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Confident Public Speakers Always Focus On Their Hands Instead Of Their Audience

Confident Public Speakers Always Focus On Their Hands Instead Of Their Audience

Remember once in your public speech experience, your hands started sweating the moment you were in the backstage, it sweated even more when you stood on the stage. Your brain is blank because you worried that you might look weird, your audience might not like your content and not drawn by your speech. Yes, focusing too much on your audience will end up making you feel so anxious and fearful!

Confident people get nervous too, but they know how to trick their brains

In one experiment people were separated into 3 groups, with different degrees of restriction. It is found that the more the people are free to move, having their gesture naturally, the more FLUENT they get[1]. It’s not hard to imagine. As you get the right words easier, you’ll less likely to panic. And by using hand gestures it’s shifting our focus from the audience to our own.

So…where to start? Below are some common hand gestures that you can incorporate into your speech easily.

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1. Listing (1/2/3)

    Let’s start with the most easiest one! Use your hand to show the corresponding number when you say the signposts 1,2,3. It can also help your readers to follow your flow more easily too!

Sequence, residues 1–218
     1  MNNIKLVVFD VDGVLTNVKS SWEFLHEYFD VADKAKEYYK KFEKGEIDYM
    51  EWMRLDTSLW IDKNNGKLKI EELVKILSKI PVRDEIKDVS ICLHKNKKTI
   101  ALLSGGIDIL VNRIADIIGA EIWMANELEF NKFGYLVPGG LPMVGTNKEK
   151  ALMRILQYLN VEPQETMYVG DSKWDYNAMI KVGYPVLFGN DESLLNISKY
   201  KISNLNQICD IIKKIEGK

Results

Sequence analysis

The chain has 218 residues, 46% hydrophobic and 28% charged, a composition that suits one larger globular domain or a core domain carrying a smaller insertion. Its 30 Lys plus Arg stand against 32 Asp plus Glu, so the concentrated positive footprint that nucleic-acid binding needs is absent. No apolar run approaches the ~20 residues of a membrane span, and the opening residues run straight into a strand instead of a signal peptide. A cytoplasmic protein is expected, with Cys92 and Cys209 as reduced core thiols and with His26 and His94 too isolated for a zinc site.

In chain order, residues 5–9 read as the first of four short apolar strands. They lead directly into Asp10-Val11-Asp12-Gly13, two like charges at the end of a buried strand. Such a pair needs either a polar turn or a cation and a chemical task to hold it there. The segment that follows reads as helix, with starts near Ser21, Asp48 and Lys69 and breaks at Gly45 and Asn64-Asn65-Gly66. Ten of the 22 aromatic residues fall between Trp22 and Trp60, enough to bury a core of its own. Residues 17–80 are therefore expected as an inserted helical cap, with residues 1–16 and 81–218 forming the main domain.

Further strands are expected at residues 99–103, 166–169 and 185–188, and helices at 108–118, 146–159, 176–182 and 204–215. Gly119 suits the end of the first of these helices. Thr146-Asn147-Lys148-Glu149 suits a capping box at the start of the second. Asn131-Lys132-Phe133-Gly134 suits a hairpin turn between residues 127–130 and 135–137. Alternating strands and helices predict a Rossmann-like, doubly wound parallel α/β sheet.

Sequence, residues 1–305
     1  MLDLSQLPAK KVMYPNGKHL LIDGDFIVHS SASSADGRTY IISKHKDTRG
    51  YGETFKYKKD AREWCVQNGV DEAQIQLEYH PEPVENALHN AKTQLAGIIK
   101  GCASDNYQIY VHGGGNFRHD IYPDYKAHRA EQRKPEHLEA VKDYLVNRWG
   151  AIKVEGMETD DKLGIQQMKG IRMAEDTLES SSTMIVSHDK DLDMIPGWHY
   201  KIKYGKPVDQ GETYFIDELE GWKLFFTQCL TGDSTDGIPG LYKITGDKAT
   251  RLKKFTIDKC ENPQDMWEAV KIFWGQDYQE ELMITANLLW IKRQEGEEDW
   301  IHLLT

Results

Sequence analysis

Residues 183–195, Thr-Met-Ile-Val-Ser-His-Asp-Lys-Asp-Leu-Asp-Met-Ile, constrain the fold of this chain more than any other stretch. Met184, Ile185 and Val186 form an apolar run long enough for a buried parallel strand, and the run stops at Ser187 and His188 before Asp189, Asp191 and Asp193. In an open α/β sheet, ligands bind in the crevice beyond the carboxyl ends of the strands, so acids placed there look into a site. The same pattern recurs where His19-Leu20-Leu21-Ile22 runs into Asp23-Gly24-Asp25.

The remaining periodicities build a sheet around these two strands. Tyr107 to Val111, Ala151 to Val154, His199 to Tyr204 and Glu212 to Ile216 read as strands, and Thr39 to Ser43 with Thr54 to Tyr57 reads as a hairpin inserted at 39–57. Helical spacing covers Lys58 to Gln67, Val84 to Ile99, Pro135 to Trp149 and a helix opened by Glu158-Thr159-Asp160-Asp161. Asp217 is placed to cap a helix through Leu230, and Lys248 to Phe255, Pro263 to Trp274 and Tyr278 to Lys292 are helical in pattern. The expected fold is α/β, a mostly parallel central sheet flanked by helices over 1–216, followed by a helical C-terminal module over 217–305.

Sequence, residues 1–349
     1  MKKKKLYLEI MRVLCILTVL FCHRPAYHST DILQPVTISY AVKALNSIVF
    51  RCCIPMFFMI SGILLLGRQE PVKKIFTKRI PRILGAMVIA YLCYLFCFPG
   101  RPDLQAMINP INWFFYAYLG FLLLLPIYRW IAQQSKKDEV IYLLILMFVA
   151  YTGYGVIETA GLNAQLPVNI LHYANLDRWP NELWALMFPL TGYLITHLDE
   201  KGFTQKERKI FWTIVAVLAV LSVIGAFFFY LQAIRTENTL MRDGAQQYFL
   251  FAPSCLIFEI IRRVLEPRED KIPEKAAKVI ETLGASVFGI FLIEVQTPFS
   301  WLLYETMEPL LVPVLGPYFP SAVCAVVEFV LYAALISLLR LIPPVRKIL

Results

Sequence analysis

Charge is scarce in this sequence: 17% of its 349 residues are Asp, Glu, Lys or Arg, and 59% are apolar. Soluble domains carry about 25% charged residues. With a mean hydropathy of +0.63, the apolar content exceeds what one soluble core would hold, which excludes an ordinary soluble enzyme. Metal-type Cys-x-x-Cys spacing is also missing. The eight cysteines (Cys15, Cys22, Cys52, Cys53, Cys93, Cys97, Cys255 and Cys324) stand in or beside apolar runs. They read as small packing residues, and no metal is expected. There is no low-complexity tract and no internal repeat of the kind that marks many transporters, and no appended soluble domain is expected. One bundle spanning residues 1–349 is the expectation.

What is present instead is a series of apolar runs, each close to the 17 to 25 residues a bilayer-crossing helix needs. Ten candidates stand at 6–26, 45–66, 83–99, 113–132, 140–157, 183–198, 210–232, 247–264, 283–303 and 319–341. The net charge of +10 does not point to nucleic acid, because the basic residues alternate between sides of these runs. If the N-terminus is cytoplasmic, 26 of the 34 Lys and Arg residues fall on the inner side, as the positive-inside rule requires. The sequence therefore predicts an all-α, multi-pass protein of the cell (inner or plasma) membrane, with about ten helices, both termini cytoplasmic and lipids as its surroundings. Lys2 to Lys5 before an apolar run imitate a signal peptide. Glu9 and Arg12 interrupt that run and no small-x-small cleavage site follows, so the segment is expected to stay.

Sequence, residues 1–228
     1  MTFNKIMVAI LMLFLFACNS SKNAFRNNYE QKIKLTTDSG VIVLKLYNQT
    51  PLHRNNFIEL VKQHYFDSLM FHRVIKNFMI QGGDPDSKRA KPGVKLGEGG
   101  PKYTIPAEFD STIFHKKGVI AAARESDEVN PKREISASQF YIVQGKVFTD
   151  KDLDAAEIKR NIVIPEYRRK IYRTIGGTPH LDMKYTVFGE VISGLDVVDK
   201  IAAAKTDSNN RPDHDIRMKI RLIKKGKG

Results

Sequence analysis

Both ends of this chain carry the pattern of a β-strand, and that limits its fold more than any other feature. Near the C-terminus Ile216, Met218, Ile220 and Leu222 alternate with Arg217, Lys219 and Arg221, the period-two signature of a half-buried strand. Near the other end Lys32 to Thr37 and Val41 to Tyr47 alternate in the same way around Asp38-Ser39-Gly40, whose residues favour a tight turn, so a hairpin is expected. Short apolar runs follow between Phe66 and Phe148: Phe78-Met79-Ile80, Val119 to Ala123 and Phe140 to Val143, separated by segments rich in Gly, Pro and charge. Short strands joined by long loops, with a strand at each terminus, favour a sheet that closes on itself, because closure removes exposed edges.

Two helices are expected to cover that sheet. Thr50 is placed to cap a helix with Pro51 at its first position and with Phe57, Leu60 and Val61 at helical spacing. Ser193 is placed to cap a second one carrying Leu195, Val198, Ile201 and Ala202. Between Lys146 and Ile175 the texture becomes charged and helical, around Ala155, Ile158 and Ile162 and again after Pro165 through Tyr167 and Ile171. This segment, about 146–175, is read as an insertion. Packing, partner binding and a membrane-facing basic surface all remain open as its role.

2. Stop

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      image credit: Jack via Flickr

      When you want somebody to stop talking, you can stop them by making this post, it helps add authority to your speech. You can also do it to catch your audience’s attention too. It’s powerful!

      3. Using “ME”

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        To add more personal touch in your speech, you can point or place your hands towards your chest when you talk about something related to you.

        4. Indicating the size

          When you talk about something and describe their size/ degree, you can use your hand to show the corresponding level or sizes, like tiny, small, medium, large. For example, when you describe something that is big, bring your hands wide apart to show the huge space it takes.

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          Featured photo credit: Jack via flickr.com

          Reference

          More by this author

          Lilian Tang

          Traveller, food lover (especailly sushi!)